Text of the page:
Bacterial growth can be controlled with refrigeration so toppings at sushi restaurants are kept cold. Trimethylamine is an alkaline, so smells can be eliminated by washing with vinegar, which is acidic. It is also possible to kill bacteria on the surface of the fish by soaking it in vinegar, reducing the number of bacteria. Basically, sushi restaurants are constantly taking measures to prevent bacterial growth and avoid fishy smells.


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Revision date: February 19, 2018

Why is sushi with tuna topping so expensive?

A purchase of raw tuna costs at least JPY 30,000 per kilogram. Furthermore, good tuna is judged not only by taste, but appearance is also highly regarded.

The surface is gradually oxidized by letting it sleep (mature) and the sushi chef makes sure that parts are cut of as they change color, when the timing is perfect for both the taste and appearance. In other words, skin is taken from the freshly purchased tuna, the meat of the fish darkened by blood (the blackened area that can’t be used as sushi toppings) is removed, the parts that have changed color are shaved off and then only the remaining, best parts used as toppings are left.

This is why the price is high.


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Revision date: February 5, 2018

10 pieces of sushi we recommend for February

Red seabream (Tai)

Blackthroat seaperch (Nodoguro)

Golden cuttlefish (Sumi ika)

Lean meat of tuna (Akami)

Medium Fatty Tuna (Chutoro)

Spear squid (Yari ika)

Pen-shell (Tairagi)

Ark shell (Akagai)

Rediated trough-shell (Kobashira)

Common orient clam (Nihamaguri)


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Revision date: January 22, 2018

Some notes on chopstick manners

There are manners in using chopsticks that tourists may be unaware of. I would like to introduce some of those here.

First of all, it is impolite to place chopsticks on your dish in the middle of a meal. Make sure to place them back on the chopstick stand when you aren’t using them.

It is also poor manners to stab food with chopsticks and or to use chopsticks to look through dishes. Please avoid breaking up the beautifully arranged dishes when you eat.


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Revision date: January 11, 2018

Tuna was not a premium fish during the Edo period!

During the Edo period, tuna was not highly valued as a sushi topping and it was referred to as “Gezakana” meaning that it was inferior to normal fish. The reason was the big size of the tuna. At this time there was no ice, so tuna had to be salted. It was cut into blocks, salt was spread all over and in it, and that was it. At Uogashi (the market prior to Tsukiji) it was treated at shops that specialized in salting fish. The dark, discolored, salty chunks of flesh really were nothing but “Gezakana*”.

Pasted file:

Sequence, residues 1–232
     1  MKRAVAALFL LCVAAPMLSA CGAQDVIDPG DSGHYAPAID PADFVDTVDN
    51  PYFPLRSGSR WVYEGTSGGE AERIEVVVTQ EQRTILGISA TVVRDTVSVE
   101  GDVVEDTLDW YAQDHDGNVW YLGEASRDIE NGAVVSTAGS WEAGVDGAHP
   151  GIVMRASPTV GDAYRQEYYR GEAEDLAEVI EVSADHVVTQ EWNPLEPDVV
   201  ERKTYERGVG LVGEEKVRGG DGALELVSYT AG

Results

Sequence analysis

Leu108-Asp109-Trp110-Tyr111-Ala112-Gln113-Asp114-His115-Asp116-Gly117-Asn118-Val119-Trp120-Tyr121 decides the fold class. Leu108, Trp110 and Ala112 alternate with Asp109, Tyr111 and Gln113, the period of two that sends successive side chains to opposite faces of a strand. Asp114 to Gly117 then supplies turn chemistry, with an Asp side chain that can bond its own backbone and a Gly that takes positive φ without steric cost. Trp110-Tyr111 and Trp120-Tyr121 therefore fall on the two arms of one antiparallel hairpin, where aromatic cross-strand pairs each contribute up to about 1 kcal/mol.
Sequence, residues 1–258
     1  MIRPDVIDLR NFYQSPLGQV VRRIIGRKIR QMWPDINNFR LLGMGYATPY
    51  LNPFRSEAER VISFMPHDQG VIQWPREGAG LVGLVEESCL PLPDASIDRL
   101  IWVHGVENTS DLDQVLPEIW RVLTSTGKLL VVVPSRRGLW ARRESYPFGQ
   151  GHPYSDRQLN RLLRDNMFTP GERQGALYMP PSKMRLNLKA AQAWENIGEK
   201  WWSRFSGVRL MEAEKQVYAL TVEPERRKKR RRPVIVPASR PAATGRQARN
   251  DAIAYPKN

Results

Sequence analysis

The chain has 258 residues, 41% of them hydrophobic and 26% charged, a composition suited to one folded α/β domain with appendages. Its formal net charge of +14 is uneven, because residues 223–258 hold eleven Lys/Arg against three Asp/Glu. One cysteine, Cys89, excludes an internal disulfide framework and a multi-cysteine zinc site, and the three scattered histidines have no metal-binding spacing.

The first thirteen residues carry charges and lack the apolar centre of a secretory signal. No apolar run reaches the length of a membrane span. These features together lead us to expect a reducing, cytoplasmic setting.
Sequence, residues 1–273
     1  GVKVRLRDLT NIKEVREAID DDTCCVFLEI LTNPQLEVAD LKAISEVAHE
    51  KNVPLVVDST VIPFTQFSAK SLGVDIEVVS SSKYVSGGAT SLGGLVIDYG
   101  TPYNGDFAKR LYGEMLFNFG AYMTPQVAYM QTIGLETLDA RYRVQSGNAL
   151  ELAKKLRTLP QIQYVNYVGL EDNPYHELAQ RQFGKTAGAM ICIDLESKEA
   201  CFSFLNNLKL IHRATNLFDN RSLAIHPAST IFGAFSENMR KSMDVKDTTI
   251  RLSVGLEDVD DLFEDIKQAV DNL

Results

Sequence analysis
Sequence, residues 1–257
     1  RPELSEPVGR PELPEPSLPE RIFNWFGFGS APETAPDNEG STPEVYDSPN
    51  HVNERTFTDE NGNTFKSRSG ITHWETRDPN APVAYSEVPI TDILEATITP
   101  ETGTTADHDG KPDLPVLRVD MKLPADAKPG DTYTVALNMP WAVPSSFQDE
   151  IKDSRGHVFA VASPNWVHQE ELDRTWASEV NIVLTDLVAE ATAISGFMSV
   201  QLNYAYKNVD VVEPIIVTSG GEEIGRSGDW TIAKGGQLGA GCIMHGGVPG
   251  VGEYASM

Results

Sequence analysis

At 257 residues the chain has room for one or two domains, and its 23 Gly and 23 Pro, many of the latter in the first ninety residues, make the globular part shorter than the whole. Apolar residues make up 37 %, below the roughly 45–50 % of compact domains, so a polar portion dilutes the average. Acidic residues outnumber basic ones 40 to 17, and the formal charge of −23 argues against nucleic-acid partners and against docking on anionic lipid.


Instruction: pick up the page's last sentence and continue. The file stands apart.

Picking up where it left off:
*Gezakana -Relatively low-cost sushi ingredients, such as gizzard shad and horse mackerel. Bluefin tuna used to be also called gezakana in the Edo period, for losing its freshness easily.


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Revision date: December 30, 2017

10 pieces of sushi we recommend for January

Longtooth grouper (Kue)

Red seabream (Tai)

Golden cuttlefish (Sumi ika)

Lean meat of tuna (Akami)

Medium Fatty Tuna (Chutoro)

Botan shrimp (Botan ebi)

Mirugai clam (Mirugai)

Ark shell (Akagai)

Sakhalin surf clam (Hokkigai)

Gaint pacific oyster (Kaki)


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Revision date: December 26, 2017

What makes a good sushi chef?

The balance between Shari (vinegar rice) and the topping is important in sushi. No matter how good the topping, the sushi won’t be good if the Shari isn’t right for it. More restaurants have been using red vinegar lately, but even if you use a Shari with a strong taste like red vinegar, the balance will be destroyed if the topping has a weaker flavor. Seasoning that goes well with various toppings that doesn’t stand out too much is ideal.

It works the other way, too. If the Shari is too weak, the sushi won’t be delicious no matter how good the topping. Even if the topping is not premium quality, if the Shari is matched perfectly, the sushi will be perfect. In other words, a good sushi chef is someone who can make sushi with perfectly matching toppings and Shari.


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Revision date: December 18, 2017

Why do some sushi toppings have ginger instead of wasabi?

Ginger is used for toppings with a strong, distinct taste and strong fishy smell such as bonito, horse mackerel and sardines.

Wasabi has a spicy taste and stimulates the senses of taste and smell and works to dull the senses so the fishy smell is not felt, but ginger is effective in actually extinguishing the fishy smell.


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Revision date: December 11, 2017

10 pieces of sushi we recommend for December

Red seabream (Tai)

Red gurnard (Houbou)

Golden cuttlefish (Sumi ika)

Lean meat of tuna (Akami)

Medium Fatty Tuna (Chutoro)

Japanese pufferfish (Fugu)

Japanese spanish mackerel (Sawara)

Ark shell (Akagai)

Sakhalin surf clam (Hokkigai)

Splendid alfonsino (Kinmedai)


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Revision date: November 27, 2017